Mr. Harvey: To ask the Secretary of State for Health what recent assessment he has made of the cost of pharmaceuticals in the United Kingdom, the United States of America and other European Union countries; and if he will make a statement. 
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Ms Stuart: Regular comparisons are made between the prices of medicines in these countries and the results published in "The Pharmaceutical Price Regulation Scheme: Report to Parliament". The most recent edition of this (the fourth report) was published in December 2000. Copies are in the Library and the text is also on the Department of Health website at www.doh.gov.uk/pprs/ pprs-reports.htm.
The medicines compared (which are those with the highest sales to the National Health Service) are branded rather than generic, because in many countries unbranded generic medicines are not available.
Dr. Naysmith: To ask the Secretary of State for Health (1) if he will estimate the additional cost to the NHS of treating all adults with haemophilia in England who are receiving plasma treatment products with recombinant genetically engineered products; 
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Mr. Denham: Based on figures provided by the United Kingdom Haemophilia Centre Doctors Organisation, we estimate that approximately 13 per cent. of adult haemophilia A patients and 4 per cent. of haemophilia B patients in England are currently receiving recombinant clotting factors. We estimate the additional cost of providing all adult haemophilia patients with recombinant clotting factors at around £50 million per annum.
Dr. Naysmith: To ask the Secretary of State for Health what differences there are between the provision of recombinant genetically engineered haemophilia treatment products for (a) adults and (b) children in (i) England, (ii) Scotland, (iii) Wales and (iv) Northern Ireland. 
Mr. Denham: In England, all new haemophilia patients and children under 16 are treated with recombinant clotting factors. Scotland, Wales and Northern Ireland provide, or are in the process of providing, recombinant clotting factors for all haemophilia patients.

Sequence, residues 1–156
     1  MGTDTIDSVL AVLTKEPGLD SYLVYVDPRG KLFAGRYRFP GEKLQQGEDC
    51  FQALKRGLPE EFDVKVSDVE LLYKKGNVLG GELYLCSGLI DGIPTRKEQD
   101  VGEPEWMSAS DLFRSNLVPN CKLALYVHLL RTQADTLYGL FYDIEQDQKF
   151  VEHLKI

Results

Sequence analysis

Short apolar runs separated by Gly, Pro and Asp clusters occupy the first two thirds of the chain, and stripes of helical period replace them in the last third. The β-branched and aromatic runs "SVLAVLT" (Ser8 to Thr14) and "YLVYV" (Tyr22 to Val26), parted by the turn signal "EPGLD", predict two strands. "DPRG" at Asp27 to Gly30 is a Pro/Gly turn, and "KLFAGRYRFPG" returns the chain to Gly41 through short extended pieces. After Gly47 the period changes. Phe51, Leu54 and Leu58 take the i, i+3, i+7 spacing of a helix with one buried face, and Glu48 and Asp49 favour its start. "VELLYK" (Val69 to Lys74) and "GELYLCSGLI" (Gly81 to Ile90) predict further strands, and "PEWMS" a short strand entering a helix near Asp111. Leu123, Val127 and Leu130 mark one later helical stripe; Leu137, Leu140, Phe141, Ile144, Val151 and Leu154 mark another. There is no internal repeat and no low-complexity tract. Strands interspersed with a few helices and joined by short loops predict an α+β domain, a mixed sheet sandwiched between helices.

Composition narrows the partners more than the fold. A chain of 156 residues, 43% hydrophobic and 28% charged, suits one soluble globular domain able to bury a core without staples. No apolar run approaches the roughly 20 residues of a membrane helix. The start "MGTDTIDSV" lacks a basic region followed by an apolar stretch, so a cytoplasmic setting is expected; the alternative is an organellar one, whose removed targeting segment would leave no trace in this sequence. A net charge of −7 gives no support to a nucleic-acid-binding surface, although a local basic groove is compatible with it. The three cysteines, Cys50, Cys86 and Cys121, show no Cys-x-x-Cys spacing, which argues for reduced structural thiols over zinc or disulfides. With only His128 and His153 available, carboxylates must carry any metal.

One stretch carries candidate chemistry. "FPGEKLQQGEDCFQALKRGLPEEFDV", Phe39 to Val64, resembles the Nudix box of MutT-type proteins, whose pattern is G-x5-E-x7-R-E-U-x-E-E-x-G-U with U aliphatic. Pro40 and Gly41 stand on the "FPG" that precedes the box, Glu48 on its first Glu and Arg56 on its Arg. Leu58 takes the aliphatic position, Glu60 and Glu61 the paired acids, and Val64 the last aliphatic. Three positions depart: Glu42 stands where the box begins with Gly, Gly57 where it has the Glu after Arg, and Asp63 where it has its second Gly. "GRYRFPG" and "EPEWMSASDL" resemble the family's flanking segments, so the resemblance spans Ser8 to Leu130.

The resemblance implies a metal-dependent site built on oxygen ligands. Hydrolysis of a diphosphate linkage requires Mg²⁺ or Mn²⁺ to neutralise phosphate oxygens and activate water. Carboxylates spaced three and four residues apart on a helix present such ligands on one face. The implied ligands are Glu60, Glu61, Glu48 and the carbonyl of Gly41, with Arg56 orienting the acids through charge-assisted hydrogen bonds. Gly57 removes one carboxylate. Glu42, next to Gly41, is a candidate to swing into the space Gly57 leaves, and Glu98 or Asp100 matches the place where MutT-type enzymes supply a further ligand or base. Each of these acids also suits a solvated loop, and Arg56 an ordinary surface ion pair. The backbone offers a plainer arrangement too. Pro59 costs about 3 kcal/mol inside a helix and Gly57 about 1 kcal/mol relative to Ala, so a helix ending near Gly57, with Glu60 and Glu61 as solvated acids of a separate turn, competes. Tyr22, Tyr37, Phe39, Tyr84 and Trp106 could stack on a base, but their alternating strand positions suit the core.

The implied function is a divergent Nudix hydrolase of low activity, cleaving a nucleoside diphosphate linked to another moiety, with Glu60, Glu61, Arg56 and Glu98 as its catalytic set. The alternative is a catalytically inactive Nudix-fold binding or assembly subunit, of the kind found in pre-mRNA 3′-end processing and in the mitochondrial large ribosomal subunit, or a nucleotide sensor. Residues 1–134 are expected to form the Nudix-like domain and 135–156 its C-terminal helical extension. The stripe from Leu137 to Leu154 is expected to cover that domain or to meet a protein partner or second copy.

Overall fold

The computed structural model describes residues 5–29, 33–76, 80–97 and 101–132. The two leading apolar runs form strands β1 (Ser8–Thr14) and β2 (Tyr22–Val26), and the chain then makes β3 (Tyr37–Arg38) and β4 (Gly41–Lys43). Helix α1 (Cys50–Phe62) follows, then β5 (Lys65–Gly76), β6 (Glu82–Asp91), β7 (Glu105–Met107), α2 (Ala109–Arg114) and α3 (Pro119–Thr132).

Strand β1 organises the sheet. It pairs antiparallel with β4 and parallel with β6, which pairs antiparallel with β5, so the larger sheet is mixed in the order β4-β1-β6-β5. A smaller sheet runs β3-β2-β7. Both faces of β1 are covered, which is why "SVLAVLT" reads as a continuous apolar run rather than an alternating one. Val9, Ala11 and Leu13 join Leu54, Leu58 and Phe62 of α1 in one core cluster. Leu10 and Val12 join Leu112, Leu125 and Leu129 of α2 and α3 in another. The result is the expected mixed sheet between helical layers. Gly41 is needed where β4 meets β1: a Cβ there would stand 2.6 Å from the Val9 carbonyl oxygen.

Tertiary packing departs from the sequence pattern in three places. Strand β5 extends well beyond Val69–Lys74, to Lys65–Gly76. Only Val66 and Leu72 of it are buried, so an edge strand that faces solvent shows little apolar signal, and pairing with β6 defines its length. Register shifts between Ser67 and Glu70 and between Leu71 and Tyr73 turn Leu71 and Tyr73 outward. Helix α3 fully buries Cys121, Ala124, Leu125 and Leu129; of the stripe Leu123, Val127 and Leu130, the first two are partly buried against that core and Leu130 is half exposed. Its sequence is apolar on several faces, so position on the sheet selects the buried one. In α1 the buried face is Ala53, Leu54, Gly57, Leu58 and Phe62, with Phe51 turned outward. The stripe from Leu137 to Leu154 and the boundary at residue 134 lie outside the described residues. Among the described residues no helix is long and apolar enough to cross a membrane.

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Dr. Naysmith: To ask the Secretary of State for Health what counselling and advice his Department has made available to haemophilia patients who have received treatment products which are traced to a blood donor who has died of vCJD. 
Mr. Denham: The United Kingdom Haemophilia Centre Doctors Organisation, in consultation with the Department, has agreed a policy of giving all haemophilia patients information about such incidents and offering them a choice to know if they or their children received implicated clotting factors. Counselling and advice to patients will be provided by haemophilia centres.
Mr. Field: To ask the Secretary of State for Health if he will list the IT projects currently undertaken in his Department; and if he will state the (a) expected completion date and (b) cost of each project. 
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|Expected Completion Date
|Estimated Cost (£000)
|Children In Need 3
|Children Looked After 4
|DH Communications Unit Resource Management System
|Care and Health Information Portfolio 4
|Computer Aided Facilities Management System
|Computerisation of Medical Benefits System
|Food Standards Agency (IT Infrastructure set-up & Relocation)
|Financial Infromation Management System (Phase 1)
|Interim NHS Benchmarking System
|Internet Data Collection for Local Authorities
|NHS Estates Knowledge Database
|NHS Estates Business Systems
|Research and Development Programme Management System
|Management of Electronic Documents Strategy
|Regional Office Historic Data Project
|Remote Working Improvements Project
|National Care Standards Commission IS Infrastructure
|National Care Standards Commission Registration and Inspection Package
|National Care Standards Commission Finance Package
|National Care Standards Commission Pay and Personnel System
|Medical Devices Agency Integrated System for Information Sharing
|NHS Pension Agency E-Pensions Zone
|Public Health Laboratory Service CoSurv/lablink